Politicians have the backing of the British public to tax frequent flyers, ban new gas boilers, and demand carbon labelling on food and drink products, according to the results of the UK’s first-ever citizen’s assembly on climate change. Last year, 108 members of the public were tasked by Parliament with drawing up a road map for getting the UK to net zero emissions by 2050. Assembly Members were selected at random to represent the UK’s population in terms of age, gender, ethnicity, educational level, where in the UK they live and level of concern about climate change. After more than 6,000 hours of expert advice and deliberation the group have urged the Government to take radical steps to speed emissions cuts across the economy. Assembly members said watching the Government’s response to the pandemic had convinced them radical change was possible, so long as the government was committed to it. (I News)

Climate Change

Covid-19 will weaken energy demand for decades—but world still losing climate fight, warns report

While coronavirus may dampen energy demand for decades, the world is still on track to heat up by 2.3 degrees Celsius by 2100, a new report from DNV GL predicts. Covid-19 has led to an 8 per cent drop in energy demand this year and, with economic growth delayed and remote working and reduced travel here to stay, consumption levels are expected to remain at least 6 per cent below levels forecast prior to the outbreak through to 2050. However, the report states that the world is still not on track to win the battle against global warming. Over the next 30 years, absolute carbon dioxide emissions are expected to rise steadily in the Indian Subcontinent and Sub-Saharan Africa, with Greater China—currently the largest emitter by far—expected to reach peak emissions before 2030. A recent United Nations report has detailed that the build-up of climate-warming carbon dioxide, is now at its highest level in 3 million years. (Eco-Business)

 

 

 

 

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Daily Media Briefing https://ccbriefing.corporate-citizenship.com/2020/09/09/daily-media-briefing-1615/ https://ccbriefing.corporate-citizenship.com/2020/09/09/daily-media-briefing-1615/#respond Wed, 09 Sep 2020 13:53:05 +0000 http://ccbriefing.corporate-citizenship.com/?p=18836 Seafood stakeholders push for stricter sustainability measures in landmark Fisheries Bill UK could save £1.6bn and 17,000 deaths by improving air quality, report finds More than 1 billion people could face displacement by 2050, according to new report […]]]>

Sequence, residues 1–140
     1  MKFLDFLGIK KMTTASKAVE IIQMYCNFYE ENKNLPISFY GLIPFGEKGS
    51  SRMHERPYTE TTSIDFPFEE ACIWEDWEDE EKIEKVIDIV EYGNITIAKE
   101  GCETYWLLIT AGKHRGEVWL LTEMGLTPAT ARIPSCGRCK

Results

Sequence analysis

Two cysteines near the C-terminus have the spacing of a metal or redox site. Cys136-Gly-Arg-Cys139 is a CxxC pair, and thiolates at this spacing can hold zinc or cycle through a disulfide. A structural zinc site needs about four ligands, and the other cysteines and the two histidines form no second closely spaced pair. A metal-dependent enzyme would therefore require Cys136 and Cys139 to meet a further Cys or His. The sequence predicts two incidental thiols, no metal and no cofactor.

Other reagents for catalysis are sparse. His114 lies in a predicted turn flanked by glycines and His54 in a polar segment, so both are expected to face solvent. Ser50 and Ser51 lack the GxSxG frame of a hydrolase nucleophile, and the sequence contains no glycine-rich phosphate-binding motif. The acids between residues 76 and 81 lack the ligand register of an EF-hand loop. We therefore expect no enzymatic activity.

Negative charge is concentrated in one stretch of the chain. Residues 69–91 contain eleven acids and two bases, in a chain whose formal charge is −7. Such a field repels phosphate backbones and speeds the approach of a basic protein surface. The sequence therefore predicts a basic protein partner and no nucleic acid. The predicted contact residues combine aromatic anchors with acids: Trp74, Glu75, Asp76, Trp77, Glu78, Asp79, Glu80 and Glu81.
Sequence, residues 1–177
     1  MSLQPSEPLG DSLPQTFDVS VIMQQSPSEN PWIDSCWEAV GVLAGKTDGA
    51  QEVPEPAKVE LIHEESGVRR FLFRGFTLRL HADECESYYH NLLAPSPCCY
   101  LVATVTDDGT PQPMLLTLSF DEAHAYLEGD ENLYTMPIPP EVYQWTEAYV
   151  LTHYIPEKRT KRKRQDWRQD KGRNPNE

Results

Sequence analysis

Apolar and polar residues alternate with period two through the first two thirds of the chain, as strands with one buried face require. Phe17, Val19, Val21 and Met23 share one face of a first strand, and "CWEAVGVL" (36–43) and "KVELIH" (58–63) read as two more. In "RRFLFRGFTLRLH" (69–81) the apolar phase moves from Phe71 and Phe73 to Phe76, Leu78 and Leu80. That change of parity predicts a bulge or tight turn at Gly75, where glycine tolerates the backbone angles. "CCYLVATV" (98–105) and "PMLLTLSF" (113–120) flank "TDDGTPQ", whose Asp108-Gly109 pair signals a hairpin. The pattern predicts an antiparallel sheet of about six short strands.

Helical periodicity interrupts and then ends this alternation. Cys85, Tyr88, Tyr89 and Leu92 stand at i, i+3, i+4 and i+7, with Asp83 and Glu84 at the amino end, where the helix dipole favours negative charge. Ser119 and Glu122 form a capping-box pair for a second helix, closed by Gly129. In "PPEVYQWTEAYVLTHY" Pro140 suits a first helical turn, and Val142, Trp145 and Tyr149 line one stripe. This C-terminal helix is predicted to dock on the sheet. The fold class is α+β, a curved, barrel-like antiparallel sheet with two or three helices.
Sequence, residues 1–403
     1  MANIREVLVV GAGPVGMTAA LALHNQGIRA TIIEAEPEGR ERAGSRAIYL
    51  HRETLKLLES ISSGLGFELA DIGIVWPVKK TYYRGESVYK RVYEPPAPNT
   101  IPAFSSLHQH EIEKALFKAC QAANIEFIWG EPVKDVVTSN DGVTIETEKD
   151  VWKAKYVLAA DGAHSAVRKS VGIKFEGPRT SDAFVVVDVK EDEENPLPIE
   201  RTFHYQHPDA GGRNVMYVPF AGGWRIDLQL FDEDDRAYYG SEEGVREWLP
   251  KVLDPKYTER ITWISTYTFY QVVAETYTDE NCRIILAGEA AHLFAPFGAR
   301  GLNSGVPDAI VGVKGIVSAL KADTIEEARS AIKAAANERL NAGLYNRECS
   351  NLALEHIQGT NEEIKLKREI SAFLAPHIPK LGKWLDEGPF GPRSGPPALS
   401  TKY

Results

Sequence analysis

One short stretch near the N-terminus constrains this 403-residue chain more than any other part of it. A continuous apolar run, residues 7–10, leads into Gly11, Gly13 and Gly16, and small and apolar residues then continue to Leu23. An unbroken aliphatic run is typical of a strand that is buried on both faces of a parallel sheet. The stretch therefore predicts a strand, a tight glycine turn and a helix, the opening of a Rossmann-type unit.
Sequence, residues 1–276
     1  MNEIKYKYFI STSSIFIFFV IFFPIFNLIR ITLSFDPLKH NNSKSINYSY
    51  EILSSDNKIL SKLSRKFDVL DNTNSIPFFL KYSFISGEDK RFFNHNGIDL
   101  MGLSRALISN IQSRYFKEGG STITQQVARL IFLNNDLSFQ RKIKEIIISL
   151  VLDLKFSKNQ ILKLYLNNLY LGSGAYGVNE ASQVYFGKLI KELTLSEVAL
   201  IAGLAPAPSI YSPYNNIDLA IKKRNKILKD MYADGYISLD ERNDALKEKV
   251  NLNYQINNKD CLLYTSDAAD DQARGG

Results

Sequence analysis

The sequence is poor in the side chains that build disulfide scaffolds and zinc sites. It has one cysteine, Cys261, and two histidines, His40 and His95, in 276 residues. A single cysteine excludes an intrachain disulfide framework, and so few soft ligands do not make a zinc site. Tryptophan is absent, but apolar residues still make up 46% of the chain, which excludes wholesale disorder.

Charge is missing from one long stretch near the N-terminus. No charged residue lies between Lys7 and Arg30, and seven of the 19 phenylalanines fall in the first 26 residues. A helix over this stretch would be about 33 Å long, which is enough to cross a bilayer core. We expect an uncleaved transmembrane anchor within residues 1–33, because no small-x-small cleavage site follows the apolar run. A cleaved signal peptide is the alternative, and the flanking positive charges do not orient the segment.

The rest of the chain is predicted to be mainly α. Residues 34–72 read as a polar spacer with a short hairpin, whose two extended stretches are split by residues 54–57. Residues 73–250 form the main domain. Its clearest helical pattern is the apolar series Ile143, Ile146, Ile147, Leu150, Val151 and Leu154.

Natural Capital

Seafood stakeholders push for stricter sustainability measures in landmark Fisheries Bill

Over 20 of the UK’s largest supermarkets and food brands have today joined forces to urge the government to reassess the sustainability credentials contained in the Fisheries Bill currently working its way through Parliament. The group, which includes Tesco, Sainsbury’s, Waitrose & Partners, Marks & Spencer, The Co-op, Morrison’s, and Young’s, stressed the Fisheries Bill offered the government a “once-in-a-generation opportunity” to establish a “world-leading” sustainable fisheries management regime after the Brexit transition period. The Fisheries Bill marks the first new fisheries legislation in more than 40 years and represents a landmark piece of post-Brexit environmental legislation. Fisheries policy has emerged as one of the key sticking points in the currently deadlocked negotiations, with the UK and EU said to be at loggerheads over how quotas and fisheries should be managed post-Brexit. (Business Green)

Policy & Research

UK could save £1.6bn and 17,000 deaths by improving air quality, report finds

Improving air quality in England in line with World Health Organization (WHO) guidelines could deliver a £1.6bn benefit while preventing 17,000 premature deaths each year that are linked to air pollution. These are the findings from the new landmark research from the CBI’s economic analysis arm on behalf of the Clean Air Fund. At a business level, the research found that the loss of three million working days could be prevented by meeting WHO guidelines. In addition, workers would see earnings increase by £900m collectively due to more time in work. Clean Air Zones were due to be launched in Bath, Bristol, Birmingham, and Leeds in 2020 but have been postponed as a result of the coronavirus until next year. Greater Manchester’s clean air plans have been delayed until 2022. (Edie)

Around the World

More than 1 billion people could face displacement by 2050, according to new report